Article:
Ellen G. White Writings

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Testimonies for the Church, vol. 7, Page 134

us. As intelligent human beings let us individually study the principles and use our experience and judgment in deciding what foods are best for us.

The foods used should be suited to the occupation in which we are engaged and the climate in which we live. Some foods that are suitable in one country will not do in another.

There are some who would be benefited more by abstinence from food for a day or two every week than by any amount of treatment or medical advice. To fast one day a week would be of incalculable benefit to them.

I have been instructed that the nut foods are often used unwisely, that too large a proportion of nuts is used, that some nuts are not as wholesome as others. Almonds are preferable to peanuts; but peanuts, in limited quantities, may be used in connection with grains to make nourishing and digestible food.

Olives may be so prepared as to be eaten with good results at every meal. The advantages sought by the use of butter may be obtained by the eating of properly prepared olives. The oil in the olives relieves constipation; and for consumptives, and for those who have inflamed, irritated stomachs, it is better than any drug. As a food it is better than any oil coming secondhand from animals.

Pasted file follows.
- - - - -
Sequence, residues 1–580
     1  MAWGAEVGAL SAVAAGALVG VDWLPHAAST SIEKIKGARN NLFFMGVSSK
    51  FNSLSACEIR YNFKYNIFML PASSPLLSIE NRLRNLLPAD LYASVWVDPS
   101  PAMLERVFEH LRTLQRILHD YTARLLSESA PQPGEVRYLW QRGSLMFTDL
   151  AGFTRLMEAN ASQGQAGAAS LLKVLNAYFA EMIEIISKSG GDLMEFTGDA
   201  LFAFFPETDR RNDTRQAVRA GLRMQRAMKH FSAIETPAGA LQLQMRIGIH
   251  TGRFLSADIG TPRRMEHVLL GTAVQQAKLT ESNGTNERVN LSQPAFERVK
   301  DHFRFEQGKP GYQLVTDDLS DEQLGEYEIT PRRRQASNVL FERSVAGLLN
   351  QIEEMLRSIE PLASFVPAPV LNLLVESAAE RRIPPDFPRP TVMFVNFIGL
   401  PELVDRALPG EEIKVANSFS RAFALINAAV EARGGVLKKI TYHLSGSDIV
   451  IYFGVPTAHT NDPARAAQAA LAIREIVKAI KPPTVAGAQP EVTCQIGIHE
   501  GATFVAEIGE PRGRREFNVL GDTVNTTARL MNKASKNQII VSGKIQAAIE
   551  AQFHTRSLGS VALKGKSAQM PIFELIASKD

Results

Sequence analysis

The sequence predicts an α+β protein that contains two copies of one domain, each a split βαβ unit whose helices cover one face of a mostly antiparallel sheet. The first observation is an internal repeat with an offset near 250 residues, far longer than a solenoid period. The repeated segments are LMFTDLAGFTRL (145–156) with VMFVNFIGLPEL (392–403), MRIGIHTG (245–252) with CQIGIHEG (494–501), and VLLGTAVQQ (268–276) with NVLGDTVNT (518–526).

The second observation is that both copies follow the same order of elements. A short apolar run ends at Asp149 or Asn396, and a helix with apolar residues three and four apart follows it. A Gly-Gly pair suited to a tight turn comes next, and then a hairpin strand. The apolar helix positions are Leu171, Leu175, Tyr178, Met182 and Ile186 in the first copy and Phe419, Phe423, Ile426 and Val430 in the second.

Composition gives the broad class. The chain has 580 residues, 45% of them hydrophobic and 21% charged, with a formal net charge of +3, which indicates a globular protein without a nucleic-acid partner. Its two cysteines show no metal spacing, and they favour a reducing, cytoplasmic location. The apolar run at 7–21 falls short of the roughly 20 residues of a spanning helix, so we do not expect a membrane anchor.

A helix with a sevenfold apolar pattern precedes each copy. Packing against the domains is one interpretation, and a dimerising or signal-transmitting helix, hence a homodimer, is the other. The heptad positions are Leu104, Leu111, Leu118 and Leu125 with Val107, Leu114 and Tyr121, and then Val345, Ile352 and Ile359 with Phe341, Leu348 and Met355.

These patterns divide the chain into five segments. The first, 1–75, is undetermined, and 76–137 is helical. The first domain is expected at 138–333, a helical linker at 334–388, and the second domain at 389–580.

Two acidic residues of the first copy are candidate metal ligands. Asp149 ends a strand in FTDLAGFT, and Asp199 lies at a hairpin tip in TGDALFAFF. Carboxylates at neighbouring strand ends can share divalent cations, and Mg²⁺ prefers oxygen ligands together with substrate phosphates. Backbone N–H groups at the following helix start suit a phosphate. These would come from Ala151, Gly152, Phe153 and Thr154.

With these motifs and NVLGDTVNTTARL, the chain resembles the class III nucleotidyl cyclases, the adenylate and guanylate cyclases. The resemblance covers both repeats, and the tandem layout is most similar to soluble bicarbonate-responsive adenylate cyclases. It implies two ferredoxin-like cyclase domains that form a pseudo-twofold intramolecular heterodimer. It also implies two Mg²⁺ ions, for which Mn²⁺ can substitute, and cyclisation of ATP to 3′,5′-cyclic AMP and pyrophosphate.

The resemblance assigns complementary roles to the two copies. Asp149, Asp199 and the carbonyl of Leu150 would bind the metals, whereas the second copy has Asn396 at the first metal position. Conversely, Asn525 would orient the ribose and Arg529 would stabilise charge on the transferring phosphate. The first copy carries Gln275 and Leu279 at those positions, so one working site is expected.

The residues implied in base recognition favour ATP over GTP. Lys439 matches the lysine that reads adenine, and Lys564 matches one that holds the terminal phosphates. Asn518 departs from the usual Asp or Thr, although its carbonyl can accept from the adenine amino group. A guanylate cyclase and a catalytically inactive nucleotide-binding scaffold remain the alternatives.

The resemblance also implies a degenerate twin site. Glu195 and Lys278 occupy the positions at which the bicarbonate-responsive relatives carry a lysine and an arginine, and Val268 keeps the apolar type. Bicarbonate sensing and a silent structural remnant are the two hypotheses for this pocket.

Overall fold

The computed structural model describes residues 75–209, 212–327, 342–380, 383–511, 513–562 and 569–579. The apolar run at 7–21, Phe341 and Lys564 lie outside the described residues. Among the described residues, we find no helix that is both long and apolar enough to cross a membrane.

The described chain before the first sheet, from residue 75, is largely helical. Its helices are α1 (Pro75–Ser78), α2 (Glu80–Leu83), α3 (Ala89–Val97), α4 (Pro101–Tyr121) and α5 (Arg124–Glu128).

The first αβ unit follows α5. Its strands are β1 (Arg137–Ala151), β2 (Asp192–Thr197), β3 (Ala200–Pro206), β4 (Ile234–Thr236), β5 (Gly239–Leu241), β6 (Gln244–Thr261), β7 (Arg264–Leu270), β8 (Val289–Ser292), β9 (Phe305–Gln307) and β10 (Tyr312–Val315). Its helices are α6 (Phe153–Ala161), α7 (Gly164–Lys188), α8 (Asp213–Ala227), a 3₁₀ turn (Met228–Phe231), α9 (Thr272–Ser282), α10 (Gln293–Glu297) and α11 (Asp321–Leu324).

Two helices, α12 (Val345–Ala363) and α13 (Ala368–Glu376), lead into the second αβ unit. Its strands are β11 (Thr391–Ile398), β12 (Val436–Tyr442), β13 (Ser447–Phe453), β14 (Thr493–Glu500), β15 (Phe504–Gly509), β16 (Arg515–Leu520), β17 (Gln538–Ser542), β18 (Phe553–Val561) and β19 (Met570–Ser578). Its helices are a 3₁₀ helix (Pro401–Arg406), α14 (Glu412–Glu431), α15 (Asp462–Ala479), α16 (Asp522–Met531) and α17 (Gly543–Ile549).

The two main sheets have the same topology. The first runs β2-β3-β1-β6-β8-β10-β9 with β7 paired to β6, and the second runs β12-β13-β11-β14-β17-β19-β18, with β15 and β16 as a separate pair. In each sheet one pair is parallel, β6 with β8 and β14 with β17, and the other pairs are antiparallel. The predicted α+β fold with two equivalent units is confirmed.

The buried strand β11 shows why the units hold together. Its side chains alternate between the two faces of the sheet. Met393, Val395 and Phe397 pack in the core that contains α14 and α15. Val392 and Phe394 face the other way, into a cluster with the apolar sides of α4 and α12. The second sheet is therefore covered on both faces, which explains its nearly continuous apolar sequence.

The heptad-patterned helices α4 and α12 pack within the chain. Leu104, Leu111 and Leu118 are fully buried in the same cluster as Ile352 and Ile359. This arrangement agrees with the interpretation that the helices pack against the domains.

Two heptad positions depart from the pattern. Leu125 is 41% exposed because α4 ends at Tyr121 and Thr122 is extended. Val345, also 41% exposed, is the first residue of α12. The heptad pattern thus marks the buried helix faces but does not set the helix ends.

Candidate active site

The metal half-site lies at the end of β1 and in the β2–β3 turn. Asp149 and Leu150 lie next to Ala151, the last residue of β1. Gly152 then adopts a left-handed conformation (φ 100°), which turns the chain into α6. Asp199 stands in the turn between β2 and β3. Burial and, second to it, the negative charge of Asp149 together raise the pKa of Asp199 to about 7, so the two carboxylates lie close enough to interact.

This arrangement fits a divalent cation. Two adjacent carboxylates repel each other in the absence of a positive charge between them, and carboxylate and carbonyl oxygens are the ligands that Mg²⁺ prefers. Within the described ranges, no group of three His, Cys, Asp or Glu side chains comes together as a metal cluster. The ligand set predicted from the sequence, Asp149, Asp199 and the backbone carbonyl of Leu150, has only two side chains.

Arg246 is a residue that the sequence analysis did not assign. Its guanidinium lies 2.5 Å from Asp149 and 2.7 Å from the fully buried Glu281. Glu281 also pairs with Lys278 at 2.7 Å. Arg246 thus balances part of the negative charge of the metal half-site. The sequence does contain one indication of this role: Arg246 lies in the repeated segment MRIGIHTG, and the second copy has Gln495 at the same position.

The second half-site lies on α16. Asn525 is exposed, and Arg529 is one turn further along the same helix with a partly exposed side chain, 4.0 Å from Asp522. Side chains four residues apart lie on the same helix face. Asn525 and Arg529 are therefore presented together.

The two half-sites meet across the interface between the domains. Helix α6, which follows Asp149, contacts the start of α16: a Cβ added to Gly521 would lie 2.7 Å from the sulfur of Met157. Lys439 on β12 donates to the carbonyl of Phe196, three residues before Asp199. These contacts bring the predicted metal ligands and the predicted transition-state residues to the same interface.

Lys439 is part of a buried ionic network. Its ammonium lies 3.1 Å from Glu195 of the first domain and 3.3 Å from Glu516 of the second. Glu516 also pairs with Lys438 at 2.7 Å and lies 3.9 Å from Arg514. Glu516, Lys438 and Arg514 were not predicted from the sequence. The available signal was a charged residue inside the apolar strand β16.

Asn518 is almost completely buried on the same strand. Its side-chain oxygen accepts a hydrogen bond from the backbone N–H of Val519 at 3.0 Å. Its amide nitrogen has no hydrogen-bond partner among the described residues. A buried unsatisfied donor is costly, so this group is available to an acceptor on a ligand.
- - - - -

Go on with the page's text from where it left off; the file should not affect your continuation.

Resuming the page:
It would be well for us to do less cooking and to eat more fruit in its natural state. Let us teach the people to eat freely of the fresh grapes, apples, peaches, pears, berries, and all other kinds of fruit that can be obtained. Let these be prepared for winter use by canning, using glass, as far as possible, instead of tin.

Concerning flesh meat, we should educate the people to let it alone. Its use is contrary to the best development of the physical, mental, and moral powers. And we should bear a clear testimony against the use of tea

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